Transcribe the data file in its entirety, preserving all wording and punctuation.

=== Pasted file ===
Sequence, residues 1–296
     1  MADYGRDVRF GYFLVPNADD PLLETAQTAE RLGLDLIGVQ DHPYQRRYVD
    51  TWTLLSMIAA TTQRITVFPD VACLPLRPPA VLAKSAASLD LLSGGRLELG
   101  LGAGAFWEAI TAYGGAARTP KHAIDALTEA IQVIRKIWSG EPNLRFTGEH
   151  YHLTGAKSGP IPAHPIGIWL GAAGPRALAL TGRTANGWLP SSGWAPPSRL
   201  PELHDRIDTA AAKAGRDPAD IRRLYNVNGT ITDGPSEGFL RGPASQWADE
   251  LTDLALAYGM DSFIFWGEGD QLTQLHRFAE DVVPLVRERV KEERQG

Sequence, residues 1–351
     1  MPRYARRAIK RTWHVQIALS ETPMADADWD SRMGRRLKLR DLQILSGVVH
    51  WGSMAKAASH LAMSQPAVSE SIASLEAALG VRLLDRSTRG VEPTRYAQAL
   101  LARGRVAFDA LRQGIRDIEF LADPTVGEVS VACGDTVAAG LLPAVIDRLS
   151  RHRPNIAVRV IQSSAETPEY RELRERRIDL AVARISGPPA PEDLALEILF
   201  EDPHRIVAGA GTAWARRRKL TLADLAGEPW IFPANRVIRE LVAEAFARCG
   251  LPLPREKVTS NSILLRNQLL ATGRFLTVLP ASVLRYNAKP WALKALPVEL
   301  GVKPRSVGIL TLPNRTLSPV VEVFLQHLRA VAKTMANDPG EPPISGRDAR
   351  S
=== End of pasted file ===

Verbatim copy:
Sequence, residues 1–296
     1  MADYGRDVRF GYFLVPNADD PLLETAQTAE RLGLDLIGVQ DHPYQRRYVD
    51  TWTLLSMIAA TTQRITVFPD VACLPLRPPA VLAKSAASLD LLSGGRLELG
   101  LGAGAFWEAI TAYGGAARTP KHAIDALTEA IQVIRKIWSG EPNLRFTGEH
   151  YHLTGAKSGP IPAHPIGIWL GAAGPRALAL TGRTANGWLP SSGWAPPSRL
   201  PELHDRIDTA AAKAGRDPAD IRRLYNVNGT ITDGPSEGFL RGPASQWADE
   251  LTDLALAYGM DSFIFWGEGD QLTQLHRFAE DVVPLVRERV KEERQG

Sequence, residues 1–351
     1  MPRYARRAIK RTWHVQIALS ETPMADADWD SRMGRRLKLR DLQILSGVVH
    51  WGSMAKAASH LAMSQPAVSE SIASLEAALG VRLLDRSTRG VEPTRYAQAL
   101  LARGRVAFDA LRQGIRDIEF LADPTVGEVS VACGDTVAAG LLPAVIDRLS
   151  RHRPNIAVRV IQSSAETPEY RELRERRIDL AVARISGPPA PEDLALEILF
   201  EDPHRIVAGA GTAWARRRKL TLADLAGEPW IFPANRVIRE LVAEAFARCG
   251  LPLPREKVTS NSILLRNQLL ATGRFLTVLP ASVLRYNAKP WALKALPVEL
   301  GVKPRSVGIL TLPNRTLSPV VEVFLQHLRA VAKTMANDPG EPPISGRDAR
   351  S